Despite clear divisions in the House over U.S. policy in the Balkans, the House Appropriations Committee Thursday reported a $12.9 billion emergency supplemental spending bill to pay for military and relief operations there.
"This recognizes that, whether we like it or not, this money has already been spent, most of it," said House Appropriations Chairman Bill Young, R-Fla.
Across the Capitol, a spokesman for Senate Majority Leader Trent Lott, R-Miss., said there is "considerable debate about what the final number is" in the Senate version of the supplemental, with some senators hewing closer to the president's original request and others hoping for increased funding.
House Appropriations ranking member David Obey, D-Wis., accused Republicans of loading the bill with unnecessary programs, and has charged some Republicans with hypocrisy for seeking to double funding for a mission they do not support. The White House had requested about $6 billion.
The committee turned back an $11.7 billion Obey substitute that would have boosted some of the president's military requests and added disaster assistance for Central America and agriculture assistance.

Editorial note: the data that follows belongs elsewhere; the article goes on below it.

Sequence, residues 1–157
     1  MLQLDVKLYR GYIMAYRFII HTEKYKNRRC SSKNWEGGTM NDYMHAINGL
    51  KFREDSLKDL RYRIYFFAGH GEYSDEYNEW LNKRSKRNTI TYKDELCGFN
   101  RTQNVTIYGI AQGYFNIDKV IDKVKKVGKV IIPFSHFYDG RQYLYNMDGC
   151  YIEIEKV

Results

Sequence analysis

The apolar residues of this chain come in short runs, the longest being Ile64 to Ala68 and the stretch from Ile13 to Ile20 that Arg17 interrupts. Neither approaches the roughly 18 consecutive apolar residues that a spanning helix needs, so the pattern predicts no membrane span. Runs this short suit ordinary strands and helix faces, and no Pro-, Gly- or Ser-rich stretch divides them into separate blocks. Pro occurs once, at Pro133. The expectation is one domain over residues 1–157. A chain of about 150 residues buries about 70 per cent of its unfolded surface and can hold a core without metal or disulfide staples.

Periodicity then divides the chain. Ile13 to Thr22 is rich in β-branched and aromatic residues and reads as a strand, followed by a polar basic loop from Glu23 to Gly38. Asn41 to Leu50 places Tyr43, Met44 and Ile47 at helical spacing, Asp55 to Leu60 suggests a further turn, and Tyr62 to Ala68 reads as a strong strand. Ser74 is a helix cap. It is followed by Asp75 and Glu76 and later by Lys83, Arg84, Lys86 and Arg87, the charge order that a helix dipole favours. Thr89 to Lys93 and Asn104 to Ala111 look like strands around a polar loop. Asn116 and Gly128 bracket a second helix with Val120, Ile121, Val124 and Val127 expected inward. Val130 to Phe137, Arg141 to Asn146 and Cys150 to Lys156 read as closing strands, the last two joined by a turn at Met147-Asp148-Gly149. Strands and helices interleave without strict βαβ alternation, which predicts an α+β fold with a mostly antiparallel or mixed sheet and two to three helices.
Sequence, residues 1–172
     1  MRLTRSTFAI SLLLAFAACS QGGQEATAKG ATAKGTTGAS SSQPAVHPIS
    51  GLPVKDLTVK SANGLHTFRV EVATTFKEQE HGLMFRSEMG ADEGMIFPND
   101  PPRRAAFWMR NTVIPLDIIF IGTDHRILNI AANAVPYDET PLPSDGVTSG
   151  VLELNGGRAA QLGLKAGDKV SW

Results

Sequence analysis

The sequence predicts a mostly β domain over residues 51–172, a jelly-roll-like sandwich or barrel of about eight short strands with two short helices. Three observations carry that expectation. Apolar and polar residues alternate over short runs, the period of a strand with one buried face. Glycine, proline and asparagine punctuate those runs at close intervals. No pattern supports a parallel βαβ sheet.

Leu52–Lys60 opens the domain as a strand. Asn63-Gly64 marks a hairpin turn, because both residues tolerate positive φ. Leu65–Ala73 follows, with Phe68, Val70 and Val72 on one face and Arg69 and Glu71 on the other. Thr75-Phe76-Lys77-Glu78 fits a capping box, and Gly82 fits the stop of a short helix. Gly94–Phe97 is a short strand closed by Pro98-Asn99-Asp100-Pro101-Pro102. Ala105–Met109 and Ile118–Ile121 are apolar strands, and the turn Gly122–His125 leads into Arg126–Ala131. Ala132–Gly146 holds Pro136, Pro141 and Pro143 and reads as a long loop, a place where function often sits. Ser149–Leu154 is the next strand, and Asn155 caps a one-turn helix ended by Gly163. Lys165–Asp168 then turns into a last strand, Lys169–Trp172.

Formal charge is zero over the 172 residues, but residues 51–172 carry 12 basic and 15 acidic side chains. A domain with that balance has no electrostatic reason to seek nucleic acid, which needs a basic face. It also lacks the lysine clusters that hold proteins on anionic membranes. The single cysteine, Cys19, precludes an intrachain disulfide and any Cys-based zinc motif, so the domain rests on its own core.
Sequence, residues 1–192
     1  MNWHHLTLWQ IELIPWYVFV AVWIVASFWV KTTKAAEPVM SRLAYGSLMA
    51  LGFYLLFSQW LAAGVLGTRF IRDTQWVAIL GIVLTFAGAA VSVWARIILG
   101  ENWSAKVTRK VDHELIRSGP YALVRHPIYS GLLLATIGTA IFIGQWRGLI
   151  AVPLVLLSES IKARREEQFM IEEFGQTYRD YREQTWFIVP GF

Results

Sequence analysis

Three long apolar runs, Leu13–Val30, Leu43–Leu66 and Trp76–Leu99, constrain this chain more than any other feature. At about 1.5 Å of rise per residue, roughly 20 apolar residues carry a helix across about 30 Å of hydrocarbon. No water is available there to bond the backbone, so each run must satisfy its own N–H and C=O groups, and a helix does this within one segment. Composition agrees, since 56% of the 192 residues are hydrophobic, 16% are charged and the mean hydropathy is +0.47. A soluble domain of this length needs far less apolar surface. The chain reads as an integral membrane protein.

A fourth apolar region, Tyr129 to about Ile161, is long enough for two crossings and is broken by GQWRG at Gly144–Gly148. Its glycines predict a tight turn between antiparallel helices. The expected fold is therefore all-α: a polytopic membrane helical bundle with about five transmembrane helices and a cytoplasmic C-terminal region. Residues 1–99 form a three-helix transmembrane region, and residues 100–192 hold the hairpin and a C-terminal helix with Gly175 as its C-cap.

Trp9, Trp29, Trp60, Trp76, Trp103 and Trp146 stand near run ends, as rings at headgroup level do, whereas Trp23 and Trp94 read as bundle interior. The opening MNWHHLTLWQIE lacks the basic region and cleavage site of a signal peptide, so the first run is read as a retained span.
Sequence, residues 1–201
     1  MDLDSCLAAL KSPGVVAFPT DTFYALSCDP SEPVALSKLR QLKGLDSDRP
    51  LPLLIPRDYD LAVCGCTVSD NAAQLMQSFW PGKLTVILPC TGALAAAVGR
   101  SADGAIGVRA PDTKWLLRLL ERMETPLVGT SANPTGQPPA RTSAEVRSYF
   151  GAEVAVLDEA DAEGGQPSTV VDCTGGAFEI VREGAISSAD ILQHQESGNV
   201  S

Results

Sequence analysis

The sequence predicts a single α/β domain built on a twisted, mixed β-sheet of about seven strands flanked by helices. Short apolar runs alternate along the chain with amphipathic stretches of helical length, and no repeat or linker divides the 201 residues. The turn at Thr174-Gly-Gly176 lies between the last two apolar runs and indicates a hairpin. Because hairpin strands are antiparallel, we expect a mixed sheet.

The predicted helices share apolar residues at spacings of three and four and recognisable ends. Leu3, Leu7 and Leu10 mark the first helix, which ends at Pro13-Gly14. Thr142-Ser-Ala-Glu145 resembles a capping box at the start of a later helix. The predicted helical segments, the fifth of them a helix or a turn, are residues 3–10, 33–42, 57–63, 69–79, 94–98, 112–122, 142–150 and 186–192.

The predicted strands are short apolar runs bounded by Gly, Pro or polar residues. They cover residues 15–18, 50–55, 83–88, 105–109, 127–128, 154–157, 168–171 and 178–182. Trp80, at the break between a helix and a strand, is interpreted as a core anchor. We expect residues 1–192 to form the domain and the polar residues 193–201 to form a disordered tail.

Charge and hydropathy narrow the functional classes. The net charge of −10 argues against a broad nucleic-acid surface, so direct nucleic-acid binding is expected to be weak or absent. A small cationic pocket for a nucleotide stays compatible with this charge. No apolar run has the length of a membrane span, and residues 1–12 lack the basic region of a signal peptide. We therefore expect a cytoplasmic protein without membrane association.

The Obey plan would have eliminated GOP additions such as almost $1 billion for military construction, but it was defeated by a vote of 35-20.
"Believe me, this is not a Christmas tree," said Young. "We're talking about mission-related facilities."
Rep. Ernest Istook, R-Okla., failed to add an amendment that would have added language identical to a House-passed bill that would cut off funding for the operation if the president used ground troops without congressional authorization.
Istook noted that numerous committee members had voted for the bill on the House floor, and said he wanted to use the amendment to ensure that members were consistent in their votes.
But Young came out against the amendment because it would slow down the spending bill, and it was defeated by voice vote when an insufficient number of members requested a recorded vote.
Obey released a letter from Office of Management and Budget Director Jacob Lew outlining the administration's views on the committee's bill that was measured in its criticism.
Lew said the administration request was the "appropriate level of funding" and that "Congress should resist the temptation to add unrelated expenditures, even important ones, which could delay the process, because that would undermine the very goals that the funding is intended to meet."
Lisa Caruso contributed to this story.